By: Y. Feinerman, Family First Editorial Staff
Mom’s refrigerator contains expired products. Kitchen cabinets are lined with cereal boxes half opened or empty. It is impossible to enter her garage or basement. Her medicine cabinet contains prescriptions older than your kids. Decade old clothes prevent the closet doors from closing. My mom is a hoarder!
Every time you try to clean out her apartment, you are overwhelmed.
You continue to make promises to finish sorting through the junk! Have you started to move some of her things to your house?
Think about it.
Immediate action needs to be taken.
What is hoarding?
The official diagnosis for hoarding is Senile Squalor Syndrome, a consequence of Diogenes Syndrome. Self-neglect coupled with feelings of apathy and a lack of shame can lead to dangerous and unsanitary living conditions. Living alone, most hoarders refuse the help of others and feel apathetic and have a lack of shame regarding their current situation. Hoarding can be exacerbated by a stressful event in their lives, many times the death of a loved one.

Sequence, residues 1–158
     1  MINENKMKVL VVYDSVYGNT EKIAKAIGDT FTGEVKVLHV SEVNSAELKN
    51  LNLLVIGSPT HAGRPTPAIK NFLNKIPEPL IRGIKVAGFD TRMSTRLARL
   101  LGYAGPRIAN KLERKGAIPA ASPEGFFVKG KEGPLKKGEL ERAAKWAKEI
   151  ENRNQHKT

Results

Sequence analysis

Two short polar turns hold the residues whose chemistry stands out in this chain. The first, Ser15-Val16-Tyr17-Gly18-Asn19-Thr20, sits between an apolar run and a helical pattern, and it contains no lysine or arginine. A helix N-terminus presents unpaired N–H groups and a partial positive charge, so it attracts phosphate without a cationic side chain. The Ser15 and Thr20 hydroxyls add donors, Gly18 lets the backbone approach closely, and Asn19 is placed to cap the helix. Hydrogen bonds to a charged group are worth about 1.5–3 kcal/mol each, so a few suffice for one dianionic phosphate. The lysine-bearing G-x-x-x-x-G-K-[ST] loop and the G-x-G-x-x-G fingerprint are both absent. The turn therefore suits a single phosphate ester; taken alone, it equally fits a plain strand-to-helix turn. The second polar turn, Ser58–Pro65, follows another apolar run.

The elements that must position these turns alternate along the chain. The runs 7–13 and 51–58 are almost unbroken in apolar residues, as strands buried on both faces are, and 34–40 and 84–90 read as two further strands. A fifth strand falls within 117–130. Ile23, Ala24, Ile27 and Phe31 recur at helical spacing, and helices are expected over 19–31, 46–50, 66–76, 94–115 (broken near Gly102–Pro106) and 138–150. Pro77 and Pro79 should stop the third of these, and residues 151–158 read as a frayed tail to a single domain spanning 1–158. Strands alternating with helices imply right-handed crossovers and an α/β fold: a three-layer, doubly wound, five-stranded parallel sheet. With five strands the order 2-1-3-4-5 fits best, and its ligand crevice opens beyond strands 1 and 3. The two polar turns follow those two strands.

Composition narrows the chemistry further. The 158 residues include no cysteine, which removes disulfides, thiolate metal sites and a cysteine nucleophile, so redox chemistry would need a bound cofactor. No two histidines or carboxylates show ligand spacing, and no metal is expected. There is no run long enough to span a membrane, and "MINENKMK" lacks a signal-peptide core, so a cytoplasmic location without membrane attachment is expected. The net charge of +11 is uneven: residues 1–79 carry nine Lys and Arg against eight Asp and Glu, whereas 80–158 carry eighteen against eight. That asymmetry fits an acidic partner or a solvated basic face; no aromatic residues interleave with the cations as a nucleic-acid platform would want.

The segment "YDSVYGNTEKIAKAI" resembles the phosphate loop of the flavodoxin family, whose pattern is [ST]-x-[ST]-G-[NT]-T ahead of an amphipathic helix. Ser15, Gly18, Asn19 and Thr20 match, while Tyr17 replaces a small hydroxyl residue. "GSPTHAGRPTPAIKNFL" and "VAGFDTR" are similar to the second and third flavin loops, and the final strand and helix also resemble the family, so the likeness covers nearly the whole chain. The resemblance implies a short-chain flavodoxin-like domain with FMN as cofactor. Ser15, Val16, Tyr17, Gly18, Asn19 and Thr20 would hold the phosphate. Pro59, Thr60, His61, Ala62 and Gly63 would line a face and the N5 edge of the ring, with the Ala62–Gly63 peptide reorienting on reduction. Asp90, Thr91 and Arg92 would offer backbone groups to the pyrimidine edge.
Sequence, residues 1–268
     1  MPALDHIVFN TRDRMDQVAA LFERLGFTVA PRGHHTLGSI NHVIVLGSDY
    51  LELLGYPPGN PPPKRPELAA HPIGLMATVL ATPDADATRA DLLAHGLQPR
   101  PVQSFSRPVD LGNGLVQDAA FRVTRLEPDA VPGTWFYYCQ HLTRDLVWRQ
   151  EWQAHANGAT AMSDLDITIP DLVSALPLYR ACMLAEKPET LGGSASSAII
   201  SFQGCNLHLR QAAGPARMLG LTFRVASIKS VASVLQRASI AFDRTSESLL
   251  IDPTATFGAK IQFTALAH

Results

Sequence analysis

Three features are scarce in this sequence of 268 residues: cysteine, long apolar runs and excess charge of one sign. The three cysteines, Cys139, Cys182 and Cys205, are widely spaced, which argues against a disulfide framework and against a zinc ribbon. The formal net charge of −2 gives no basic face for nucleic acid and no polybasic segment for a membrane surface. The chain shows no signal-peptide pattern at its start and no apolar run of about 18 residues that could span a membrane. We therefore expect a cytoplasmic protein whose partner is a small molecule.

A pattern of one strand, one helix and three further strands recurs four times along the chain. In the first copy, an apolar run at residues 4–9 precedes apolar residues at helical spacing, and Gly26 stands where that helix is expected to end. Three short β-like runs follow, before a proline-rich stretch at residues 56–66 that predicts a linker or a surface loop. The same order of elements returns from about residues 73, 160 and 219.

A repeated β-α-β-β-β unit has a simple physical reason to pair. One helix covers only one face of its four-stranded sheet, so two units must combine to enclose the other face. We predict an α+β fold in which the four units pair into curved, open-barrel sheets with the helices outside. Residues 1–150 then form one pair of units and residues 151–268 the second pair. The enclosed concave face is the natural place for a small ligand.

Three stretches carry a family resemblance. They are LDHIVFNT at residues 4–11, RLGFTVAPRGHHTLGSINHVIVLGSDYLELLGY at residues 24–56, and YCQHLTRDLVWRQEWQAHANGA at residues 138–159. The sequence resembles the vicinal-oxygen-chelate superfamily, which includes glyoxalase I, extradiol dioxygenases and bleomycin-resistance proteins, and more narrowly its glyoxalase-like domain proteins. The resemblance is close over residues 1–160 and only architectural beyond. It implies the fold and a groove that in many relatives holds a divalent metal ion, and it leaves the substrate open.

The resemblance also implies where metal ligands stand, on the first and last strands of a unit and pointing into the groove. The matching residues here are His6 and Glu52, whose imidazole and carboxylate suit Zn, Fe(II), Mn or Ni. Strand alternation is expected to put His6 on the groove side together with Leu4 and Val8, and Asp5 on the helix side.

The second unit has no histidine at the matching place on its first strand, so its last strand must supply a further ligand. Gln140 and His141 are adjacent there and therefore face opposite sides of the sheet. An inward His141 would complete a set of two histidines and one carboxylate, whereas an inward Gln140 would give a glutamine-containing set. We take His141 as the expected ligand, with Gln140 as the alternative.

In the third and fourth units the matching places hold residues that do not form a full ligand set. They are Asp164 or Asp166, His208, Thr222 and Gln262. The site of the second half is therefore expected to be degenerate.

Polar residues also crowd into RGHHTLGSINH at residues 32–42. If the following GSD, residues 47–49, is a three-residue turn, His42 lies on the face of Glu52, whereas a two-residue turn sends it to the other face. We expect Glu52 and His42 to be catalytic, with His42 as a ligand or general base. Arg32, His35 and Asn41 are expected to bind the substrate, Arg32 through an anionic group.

“According to the DSM Diagnostic and Statistical Manual of Mental Disorders, hoarding afflicts more than 19 million Americans, roughly 6 percent of the population, and has been found to be genetic.”
Psychologists Dr. Randy Frost and Dr. Gail Steketee have studied hoarders for the past decade. They found that hoarders are people who compulsively acquire a lot of stuff, and trouble discarding their objects.
In their book, Stuff: Compulsive Hoarding and the Meaning they explain how compulsive behaviors can drive a sufferer to pile objects throughout their homes. Through various case they have identified key traits that identify a hoarder, detailing the underlying causes and explaining how to minimize the effects of the emotionally exhausting disorder.